“If the criterion for scrapping is not defined by age, then the consumer will hesitate in buying newer vehicles and that can demotivate sales,”

says Amrish Malan, Director at Droom Wheels Auto India, a car dealer

“Every technical component has a certain limit for physical usage and in vehicles its best for up to fifteen years. As per my experience in car dealing, even if you renew registration, the old vehicle will not give you the desired output. So, this policy is for the betterment of the market, at least in terms of business,” he opines.

Meanwhile, Preetam Mohan Singh, Senior Vice President, Automotive at Praxis Global Alliance, putting forth his views on the scrappage policy, feels that ideally the scrappage policy is a good option but suggests that the government should add strict provisions as well.

“It’s important to add two things—make it mandatory for all and not optional; in addition to that, implement progressive challans for defaulters. Also, the incentive to dispose of old vehicles and buy new ones needs to be much higher than 5 per cent, else the pull factor fazes out,”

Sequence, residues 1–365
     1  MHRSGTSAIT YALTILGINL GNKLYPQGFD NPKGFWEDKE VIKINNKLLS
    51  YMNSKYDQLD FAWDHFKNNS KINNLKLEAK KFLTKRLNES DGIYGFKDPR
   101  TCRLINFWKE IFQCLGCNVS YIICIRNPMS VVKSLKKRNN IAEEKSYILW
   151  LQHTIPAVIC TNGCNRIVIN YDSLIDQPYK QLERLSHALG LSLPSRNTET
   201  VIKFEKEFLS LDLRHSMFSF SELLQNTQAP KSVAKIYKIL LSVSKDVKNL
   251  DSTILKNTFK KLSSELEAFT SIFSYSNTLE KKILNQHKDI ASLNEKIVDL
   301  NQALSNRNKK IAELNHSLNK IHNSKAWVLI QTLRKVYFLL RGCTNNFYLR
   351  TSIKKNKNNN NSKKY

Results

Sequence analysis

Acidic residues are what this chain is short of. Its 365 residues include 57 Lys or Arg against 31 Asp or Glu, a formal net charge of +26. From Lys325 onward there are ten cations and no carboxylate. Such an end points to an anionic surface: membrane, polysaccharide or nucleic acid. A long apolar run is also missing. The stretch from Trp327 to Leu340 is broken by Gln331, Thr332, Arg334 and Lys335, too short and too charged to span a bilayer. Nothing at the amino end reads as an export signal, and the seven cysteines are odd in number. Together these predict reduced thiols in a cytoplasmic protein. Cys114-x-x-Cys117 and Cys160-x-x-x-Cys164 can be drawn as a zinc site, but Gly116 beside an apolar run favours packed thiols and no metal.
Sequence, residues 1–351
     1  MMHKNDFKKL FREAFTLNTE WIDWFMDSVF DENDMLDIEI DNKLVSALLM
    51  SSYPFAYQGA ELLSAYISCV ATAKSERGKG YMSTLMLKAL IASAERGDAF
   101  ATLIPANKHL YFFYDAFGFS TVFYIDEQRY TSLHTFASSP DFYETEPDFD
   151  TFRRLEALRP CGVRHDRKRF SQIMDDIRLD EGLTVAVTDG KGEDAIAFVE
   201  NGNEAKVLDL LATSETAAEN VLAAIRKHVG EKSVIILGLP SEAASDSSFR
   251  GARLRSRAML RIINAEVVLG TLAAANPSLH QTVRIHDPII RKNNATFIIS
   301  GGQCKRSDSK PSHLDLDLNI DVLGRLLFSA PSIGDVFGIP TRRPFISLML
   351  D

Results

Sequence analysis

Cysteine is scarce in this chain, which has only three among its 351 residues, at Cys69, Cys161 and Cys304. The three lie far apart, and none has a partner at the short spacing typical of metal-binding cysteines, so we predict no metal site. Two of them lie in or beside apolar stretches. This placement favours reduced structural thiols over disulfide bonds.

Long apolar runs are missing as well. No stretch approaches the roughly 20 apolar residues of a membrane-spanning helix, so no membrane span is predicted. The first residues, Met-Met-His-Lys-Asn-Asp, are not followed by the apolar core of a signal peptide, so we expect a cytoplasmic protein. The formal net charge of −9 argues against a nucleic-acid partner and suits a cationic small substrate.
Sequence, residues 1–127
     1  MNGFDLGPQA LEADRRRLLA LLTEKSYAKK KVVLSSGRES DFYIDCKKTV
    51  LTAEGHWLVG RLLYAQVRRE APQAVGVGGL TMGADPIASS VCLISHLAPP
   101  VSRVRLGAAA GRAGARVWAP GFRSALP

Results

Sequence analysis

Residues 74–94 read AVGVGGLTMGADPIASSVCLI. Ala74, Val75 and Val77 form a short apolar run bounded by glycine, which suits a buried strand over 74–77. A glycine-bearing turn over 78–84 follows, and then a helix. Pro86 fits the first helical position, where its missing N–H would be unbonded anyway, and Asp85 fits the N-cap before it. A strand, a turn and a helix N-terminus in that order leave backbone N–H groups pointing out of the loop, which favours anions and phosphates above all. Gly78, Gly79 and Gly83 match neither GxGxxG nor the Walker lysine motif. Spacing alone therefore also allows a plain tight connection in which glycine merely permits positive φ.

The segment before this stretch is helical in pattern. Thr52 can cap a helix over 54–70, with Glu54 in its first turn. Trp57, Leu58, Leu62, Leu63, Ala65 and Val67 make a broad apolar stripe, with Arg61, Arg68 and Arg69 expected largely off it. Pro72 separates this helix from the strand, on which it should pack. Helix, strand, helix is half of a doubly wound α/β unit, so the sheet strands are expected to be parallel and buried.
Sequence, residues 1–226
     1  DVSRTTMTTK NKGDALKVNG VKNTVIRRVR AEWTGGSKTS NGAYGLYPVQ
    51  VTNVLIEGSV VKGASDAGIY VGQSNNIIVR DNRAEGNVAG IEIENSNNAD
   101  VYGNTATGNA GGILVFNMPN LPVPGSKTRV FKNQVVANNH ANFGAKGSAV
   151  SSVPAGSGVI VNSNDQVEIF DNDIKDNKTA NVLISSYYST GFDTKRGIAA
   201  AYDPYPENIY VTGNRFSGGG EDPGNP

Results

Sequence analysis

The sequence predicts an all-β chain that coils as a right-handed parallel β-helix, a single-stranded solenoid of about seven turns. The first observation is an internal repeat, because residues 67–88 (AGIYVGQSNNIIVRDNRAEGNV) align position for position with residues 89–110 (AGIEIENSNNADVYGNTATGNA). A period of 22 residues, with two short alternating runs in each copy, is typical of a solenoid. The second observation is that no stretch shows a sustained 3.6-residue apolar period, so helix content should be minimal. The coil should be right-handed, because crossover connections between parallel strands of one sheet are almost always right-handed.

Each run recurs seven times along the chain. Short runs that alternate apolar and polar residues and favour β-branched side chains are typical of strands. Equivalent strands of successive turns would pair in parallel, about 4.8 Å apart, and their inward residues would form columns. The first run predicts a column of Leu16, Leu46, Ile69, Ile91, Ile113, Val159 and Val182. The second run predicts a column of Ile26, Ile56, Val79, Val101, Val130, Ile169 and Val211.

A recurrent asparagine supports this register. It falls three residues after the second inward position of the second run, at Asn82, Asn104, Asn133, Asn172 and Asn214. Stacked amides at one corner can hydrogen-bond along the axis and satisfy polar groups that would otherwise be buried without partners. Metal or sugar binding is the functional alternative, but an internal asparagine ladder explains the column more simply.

Preetam Mohan Singh, Senior Vice President, Automotive at Praxis Global Alliance

The Inside talk

As we say, the devil is in the details.

Experts like Singh say that although the first-hand vehicle market will definitely get a boost via this policy, the incentive of 5 per cent is not enough. “It will only become clear once the rules or guidelines are released by the ministry, which is expected by October ‘21,” he said.

Also, it is still an assumption that manufacturers will offer a 5 per cent discount, as the government has gently nudged them to do so. On being asked about whether they will be willing to offer it, Malan comments, “I agree that a 5 per cent extra token discount sounds lucrative to consumers. But it is going to be of no value.”